Monday, January 01, 2007

Fish Quilt -- Finally!

This is the baby quilt I made for baby Morwyn (born Dec. 22 or so) Kelso, my very good friend Lisa's baby. Lisa and I have been friends for 19 years this June, and I have been friends with her husband Iain for about 15 years. I introduced them, and convinced a very shy Iain that he should ask an equally shy Lisa out on a date many, many years ago. Iain is a geologist, and in his spare time composes film scores, when he can find a contract. Lisa is a forest fire radio operator, and in her spare time used to grow coral and take care of a salt water fish tank. Thus the inspiration for this quilt.

I bought this fabric before Morwyn was conceived, because it was a bit of a frustrating process, and I bought it as sort of a bid of confidence. Strange, I know, but it worked. So, first I bought the green fabric, which actually has shells and seahorses on in and the ocean scene fabric that comprises the middle strip, and the swirly water print. I didn't really know what I was going to do with it, so I just bought a metre of each. Then I found the pattern for a much larger version of this quilt, with 4 longer rows of interlocking fish. I took that idea and used the pattern for the fish blocks and this is the end result.

I'm quite proud of this quilt because a) it looks really amazing and b) it was damn hard to piece together.

The two fish and two tail pieces consist of 9 seperate triangles which had to be sewn on a perfect diagonal, then ironed on a perfect diagonal, on the fabric's bias, to create each fish block. It took me about a month to put them together. The rest of the piecing was pretty easy, since its all just strips of fabric, but I discovered about half way through that the dark green fabric is actually really directional, and so had to be cut and pieced really carefully as well so the quilt would work.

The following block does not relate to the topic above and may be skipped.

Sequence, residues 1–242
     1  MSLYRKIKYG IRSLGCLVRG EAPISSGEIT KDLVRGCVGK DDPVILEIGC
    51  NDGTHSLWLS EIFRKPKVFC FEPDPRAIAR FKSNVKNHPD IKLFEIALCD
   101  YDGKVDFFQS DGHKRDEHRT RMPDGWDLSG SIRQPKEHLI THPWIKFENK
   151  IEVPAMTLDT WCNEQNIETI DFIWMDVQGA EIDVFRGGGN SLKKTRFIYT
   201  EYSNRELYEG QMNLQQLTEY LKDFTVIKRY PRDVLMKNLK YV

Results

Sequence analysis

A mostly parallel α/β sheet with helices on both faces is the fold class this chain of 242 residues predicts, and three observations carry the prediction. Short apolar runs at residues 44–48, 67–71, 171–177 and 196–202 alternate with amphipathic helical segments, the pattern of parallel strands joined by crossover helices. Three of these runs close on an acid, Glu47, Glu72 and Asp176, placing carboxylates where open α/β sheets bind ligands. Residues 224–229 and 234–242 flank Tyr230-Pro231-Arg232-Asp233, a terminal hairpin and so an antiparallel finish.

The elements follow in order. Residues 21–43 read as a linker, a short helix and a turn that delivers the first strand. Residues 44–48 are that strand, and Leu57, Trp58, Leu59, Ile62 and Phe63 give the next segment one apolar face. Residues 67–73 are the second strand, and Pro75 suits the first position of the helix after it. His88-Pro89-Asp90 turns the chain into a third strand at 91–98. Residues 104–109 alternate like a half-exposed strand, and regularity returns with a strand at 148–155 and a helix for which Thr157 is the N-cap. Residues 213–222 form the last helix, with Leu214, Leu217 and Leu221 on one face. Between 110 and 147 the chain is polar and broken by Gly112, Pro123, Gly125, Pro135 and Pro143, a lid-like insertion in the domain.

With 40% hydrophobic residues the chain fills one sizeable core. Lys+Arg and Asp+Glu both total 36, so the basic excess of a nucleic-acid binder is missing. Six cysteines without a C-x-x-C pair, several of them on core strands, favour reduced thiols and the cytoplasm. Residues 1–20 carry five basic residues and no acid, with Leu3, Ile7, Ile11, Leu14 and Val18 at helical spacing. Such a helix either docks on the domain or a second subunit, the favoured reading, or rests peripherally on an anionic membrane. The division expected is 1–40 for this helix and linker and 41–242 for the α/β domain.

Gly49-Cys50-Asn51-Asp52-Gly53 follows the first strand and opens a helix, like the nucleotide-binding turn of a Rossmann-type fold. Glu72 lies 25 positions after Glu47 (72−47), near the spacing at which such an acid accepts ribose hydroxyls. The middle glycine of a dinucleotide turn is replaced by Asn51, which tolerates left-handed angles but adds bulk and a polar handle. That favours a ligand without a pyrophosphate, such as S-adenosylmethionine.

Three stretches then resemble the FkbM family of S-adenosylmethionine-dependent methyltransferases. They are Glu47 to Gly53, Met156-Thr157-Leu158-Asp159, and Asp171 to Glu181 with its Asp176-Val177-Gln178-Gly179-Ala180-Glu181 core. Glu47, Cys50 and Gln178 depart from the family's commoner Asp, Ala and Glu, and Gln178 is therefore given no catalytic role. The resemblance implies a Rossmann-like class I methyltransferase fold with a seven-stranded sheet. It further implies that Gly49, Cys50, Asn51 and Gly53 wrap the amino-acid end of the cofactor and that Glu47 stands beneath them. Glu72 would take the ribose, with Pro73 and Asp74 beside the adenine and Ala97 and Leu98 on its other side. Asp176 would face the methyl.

Also, I hand quilted all the yellow and orange fish and then added eyes so that they would stand out a bit better. This took me about 6 or 8 hours all together, although I did it over the course of a week or two. The rest of the quilting was really quick in-the-ditch machine quilting. I didn't even quilt any wavy patterns into the borders or the middle band -- I figured they were small enough that it wouldn't kill the quilt not to, and I still have to make a quilt for my new niece and, oh yeah, my own baby who is due any day now.

I was more careful with this one and pre-washed the fabrics, used cotton thread and used a minimum 1/4 inch seam allowance. This photo was taken after it was washed, and it did not tear apart like my last quilt. So I was releived. It is not tucked away in a plastic bag, so my cat doesn't sit on it (she loves new quilts) before I send it away -- Iain is really quite allergic to cats.


Beck said...

When I read blogs entries like this it's creepy how alike you and Don are. (But then I say that about alot of his realations. :P Beautiful quilt but the way.

Jilly said...

Thanks, Beck, on both accounts. Since I grew up mostly seperated from both the Moman and Morrison clans, I too am often weirded out by the similarities we posess as adults.

Either we have really strong genes, or we are just all really Irish. For whatever reason we can never just say "I went to the store for milk". All Cookish-type relatives prefer to say, "So, I was on my way to get milk from the store, which I was picking up because I realized I wasn't going to have any for my cereal the next morning, and as I was driving I saw . . . "

The funny thing is that we will give you this detailed narrative about anything, but then if you try to get further explanation about something -- like a specific TIME we went, or the COST of milk -- we will not only have no idea, but will be offended that you asked and completely clam up. After all, if it was an interesting or important detail, it would have been in the story to begin with.